by Brendan Colgan
As a both a life-long fan and a musician, I have always admired how music allows us to seemingly transcend physical boundaries (no drugs required, I promise). I’ve gone Walking in Memphis, danced with Mrs. Hippo in Paris, and Left My Heart in San Francisco all in the impulses of one evening. You can internalize the music, the lyrics, and in a way, they become your own – even though they are written by others. Music triggers emotional associations- even with a place.
We often associate places with sounds in general: be it the sound of language (a french accent – France); the sound of instruments (an erhu – China or Asia in general); the sound of music (the Blues – the American South); or the sound of the surrounding environment (waves – the ocean). Some of these associations are the result of personal experience (I have been to the ocean, I have seen and heard the waves, therefore I associate the sound with the place in general) But, depending on the kind of sound, there seems to be a limit to how specific, distinguished the place can be. Yes, a cow “moo” may remind us of a farm, but which farm? (check out NPR’s program entitled ‘Geography and the ‘Sound of Place’).
But why do bagpipes remind me of Scotland? Was there some Scotsmen who said, “lets make an instrument, we’ll call it a bagpipe, it will evoke images of the highlands, people in skirts, and this, in general, will be associated with Scotland”?. No. these associations were the result of a more organic, complex process—that is to say, there was no motive. Bagpipes were common throughout Europe for hundreds of years (they were explicitly mentioned in The Canterbury Tails which was written around 1380), it was only relatively recent that it became strongly associated with Scotland.
This was primarily due to the specific type of bagpipe Scottish Great Highland Bagpipe became well-known worldwide due to the large numbers of pipers trained for military service in the First and Second World War. And its surge coincided with a decline in the popularity of many traditional forms of bagpipe throughout Europe in the advent of the gramophone and radio.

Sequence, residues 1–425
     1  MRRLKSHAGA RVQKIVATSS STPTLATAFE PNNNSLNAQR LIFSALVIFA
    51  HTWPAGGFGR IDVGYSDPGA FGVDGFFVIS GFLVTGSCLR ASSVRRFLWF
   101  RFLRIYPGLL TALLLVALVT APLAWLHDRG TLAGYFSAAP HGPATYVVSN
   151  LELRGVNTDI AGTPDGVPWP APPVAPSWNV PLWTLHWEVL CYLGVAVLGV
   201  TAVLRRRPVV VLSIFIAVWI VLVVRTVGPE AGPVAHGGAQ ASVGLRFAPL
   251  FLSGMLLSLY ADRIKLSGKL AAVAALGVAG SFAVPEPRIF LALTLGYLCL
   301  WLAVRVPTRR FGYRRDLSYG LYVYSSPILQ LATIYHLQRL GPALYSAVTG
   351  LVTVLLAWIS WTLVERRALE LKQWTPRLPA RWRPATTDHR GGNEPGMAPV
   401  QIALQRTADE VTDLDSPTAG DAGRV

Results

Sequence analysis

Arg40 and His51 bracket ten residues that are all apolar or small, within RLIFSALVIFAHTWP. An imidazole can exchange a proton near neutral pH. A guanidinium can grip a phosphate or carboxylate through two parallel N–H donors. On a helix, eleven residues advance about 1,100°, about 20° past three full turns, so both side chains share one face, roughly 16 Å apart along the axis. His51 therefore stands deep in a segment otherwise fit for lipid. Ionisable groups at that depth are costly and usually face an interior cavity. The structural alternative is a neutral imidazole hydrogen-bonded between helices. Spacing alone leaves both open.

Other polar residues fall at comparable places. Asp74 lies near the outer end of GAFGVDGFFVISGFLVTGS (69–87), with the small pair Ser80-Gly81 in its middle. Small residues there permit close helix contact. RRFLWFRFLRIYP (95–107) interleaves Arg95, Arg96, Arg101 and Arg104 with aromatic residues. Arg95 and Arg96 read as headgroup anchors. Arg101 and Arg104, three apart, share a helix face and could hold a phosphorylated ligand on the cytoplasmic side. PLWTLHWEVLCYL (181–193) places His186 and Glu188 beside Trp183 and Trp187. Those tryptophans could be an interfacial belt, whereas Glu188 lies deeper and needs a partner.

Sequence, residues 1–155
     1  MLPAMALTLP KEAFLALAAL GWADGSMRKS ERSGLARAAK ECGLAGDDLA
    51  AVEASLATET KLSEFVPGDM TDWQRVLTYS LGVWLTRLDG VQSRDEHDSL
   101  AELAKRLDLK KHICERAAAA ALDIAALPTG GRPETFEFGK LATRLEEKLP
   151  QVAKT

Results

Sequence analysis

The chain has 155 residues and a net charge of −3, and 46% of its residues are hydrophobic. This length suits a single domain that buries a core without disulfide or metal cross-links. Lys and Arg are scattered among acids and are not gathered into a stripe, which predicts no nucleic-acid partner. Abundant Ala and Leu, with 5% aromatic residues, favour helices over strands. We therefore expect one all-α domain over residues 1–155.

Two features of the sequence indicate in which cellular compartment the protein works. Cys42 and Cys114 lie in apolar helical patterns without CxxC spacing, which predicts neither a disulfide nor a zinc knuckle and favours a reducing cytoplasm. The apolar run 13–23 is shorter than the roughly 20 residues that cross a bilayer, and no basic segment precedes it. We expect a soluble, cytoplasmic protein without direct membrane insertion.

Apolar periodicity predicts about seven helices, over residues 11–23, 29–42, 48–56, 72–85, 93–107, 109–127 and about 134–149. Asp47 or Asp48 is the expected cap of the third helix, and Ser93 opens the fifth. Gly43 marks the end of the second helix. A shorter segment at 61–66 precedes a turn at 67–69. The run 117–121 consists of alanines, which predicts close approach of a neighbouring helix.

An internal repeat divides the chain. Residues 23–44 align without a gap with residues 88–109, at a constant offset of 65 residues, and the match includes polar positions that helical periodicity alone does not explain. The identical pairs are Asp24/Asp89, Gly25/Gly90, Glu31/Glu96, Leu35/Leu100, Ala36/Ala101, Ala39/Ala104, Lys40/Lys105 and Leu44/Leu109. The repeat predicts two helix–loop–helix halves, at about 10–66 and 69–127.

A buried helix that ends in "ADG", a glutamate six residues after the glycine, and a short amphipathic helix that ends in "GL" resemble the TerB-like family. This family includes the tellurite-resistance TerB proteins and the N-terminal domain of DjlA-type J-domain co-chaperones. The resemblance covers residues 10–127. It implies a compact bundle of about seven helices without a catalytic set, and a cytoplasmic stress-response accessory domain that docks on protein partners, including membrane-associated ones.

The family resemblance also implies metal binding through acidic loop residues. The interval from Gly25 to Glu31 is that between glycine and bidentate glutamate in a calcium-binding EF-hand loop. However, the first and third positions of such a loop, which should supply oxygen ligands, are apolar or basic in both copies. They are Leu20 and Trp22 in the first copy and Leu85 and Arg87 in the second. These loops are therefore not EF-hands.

Yet, I have often wondered whether it would be in the interest a place-be it a city, region, or nation-to find, harness, develop, and promote a site-specific sound. Sure, having the Berlin Philharmonic performing Wagner’s Tristan und Isolde in New York can be understood as an example of this. The sounds they create evoke the images, the story of Tristan und Isolde and this undoubtedly leaves an impression on the foreign audience. The event itself perhaps raises awareness of Berlin. But the performance is not the sound of Berlin.
So, should we cram a bunch of local musicians together into a room and say, “make a new sound.”?; order a bunch engineers to develop a new instrument? It might be interesting. But most likely it will be seen as completely fabricated. Moreover, it would miss the whole idea of music being a creative process. Perhaps a more practical approach would be to identify the unique aspects of local music and take an integrated approach in fostering their development. If you can identify the Blues as a sound, and identify why the American South was a particularly suitable environment for such a musical style, could you influence it?